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The Early Years (1820-1880)
The territory that is now Florida became a United States possession in the year 1821, only thirteen years after John Dalton described his Atomic Theory of Matter as “the new system of chemical philosophy.” Before statehood in 1845, children studied with tutors or in private elementary schools, much like their peers in other parts of the country. By mid-century, however, Florida’s population began to clamor for increased educational opportunities as it sought the goods and comforts of better living.
Chemistry was first offered in the United States as part of the curriculum at Yale (1846) and Harvard (1847). When pharmaceutical and manufacturing companies began providing laboratory experience, Rensselaer Polytechnic Institute offered the first experimentation in a college laboratory setting.
In 1851, the Florida Legislature decreed that seminaries of higher education would be created east and west of the Suwannee River, with the locations to be chosen according to physical and monetary gifts made on behalf of the school.
Tallahassee offered ten acres of land and $2000 per year for the privilege of being the western site. This offer was accepted: the West Florida Seminary (WFS) had found a home. To allow female students similar academic opportunities, the local academy for girls soon began sharing space with WFS. Education has always been important to the citizens of Tallahassee. In 1854, the Florida Institute (for Boys) was established on a hill one mile west of the Capitol. Younger students were taught English, classical languages, mathematics and science. English rhetoric and literature, logic and the “mental and moral sciences” were available in the upper divisions.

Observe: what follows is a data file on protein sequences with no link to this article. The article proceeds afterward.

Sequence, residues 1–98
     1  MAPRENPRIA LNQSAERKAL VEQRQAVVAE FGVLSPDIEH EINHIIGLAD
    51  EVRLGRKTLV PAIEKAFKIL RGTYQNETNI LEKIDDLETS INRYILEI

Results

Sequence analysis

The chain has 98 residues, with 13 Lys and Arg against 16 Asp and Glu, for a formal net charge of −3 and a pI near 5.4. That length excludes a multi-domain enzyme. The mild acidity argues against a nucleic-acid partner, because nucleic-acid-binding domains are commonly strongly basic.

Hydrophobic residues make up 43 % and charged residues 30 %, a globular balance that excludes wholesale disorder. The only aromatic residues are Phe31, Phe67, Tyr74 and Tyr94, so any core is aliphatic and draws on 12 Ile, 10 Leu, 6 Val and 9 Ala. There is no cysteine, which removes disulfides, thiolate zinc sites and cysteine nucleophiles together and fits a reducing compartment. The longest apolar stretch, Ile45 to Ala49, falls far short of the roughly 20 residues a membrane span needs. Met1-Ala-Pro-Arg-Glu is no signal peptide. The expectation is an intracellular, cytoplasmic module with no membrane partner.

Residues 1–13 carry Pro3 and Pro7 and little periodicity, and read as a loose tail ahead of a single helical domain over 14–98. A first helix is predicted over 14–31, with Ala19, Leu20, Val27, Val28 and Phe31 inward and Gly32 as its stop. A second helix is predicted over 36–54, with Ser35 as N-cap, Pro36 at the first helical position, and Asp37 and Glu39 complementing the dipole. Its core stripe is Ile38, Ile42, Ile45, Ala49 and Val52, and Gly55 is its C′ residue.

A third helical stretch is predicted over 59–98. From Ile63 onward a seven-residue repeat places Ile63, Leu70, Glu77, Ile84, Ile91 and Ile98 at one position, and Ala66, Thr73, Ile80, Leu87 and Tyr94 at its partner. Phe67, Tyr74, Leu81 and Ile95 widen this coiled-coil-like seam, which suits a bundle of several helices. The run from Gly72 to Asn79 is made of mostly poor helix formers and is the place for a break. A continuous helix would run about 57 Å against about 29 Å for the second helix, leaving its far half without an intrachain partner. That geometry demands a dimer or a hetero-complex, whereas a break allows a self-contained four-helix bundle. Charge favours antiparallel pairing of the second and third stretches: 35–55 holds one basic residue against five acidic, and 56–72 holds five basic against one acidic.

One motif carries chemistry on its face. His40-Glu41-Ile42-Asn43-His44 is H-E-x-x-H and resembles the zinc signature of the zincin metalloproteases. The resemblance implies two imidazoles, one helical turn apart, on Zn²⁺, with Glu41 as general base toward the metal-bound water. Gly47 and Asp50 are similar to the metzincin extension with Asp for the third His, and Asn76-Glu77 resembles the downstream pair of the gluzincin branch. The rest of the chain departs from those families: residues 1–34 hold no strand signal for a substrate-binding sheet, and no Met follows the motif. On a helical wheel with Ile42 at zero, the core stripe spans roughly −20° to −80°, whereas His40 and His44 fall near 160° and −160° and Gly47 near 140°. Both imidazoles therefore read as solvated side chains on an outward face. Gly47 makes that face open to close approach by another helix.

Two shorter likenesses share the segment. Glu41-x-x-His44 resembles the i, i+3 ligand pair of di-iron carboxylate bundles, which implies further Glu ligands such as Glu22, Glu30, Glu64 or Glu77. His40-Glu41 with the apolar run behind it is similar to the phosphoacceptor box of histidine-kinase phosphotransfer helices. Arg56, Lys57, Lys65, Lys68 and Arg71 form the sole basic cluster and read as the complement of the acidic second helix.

The Florida Institute’s curriculum transferred to the seminary in its entirety. The early years of education in the state were tenuous, but educators were persistent in their efforts throughout the Civil War and Reconstruction. The Peabody Education Fund offered a measure of financial support. Little is known about the academic offerings in the sciences of this time, but considering the difficulties of maintaining the seminary and the classical backgrounds of its teachers, it seems safe to assume that offering classes in the sciences was not a popular concept.
WFS became coeducational in 1882, although non-curricular facilities for males and females remained separate. Despite the fact that this arrangement lowered costs, many patrons objected strongly to it. Education was coming of age, however, and the Seminary would soon serve as the foundation for the State’s first institution of higher learning.
Florida had never had the resources to establish the university mandated by the 1868 Constitution. A young man from Michigan, Reverend John Kost, persuaded Governor Bloxham to allow private enterprise to undertake this initiative in Tallahassee. The charter Kost received authorized him to organize Florida University in five divisions. Although only one of these was completed–a College of Medicine and Surgery that began its first term in 1883–it shared WFS facilities and allowed students to take chemistry courses.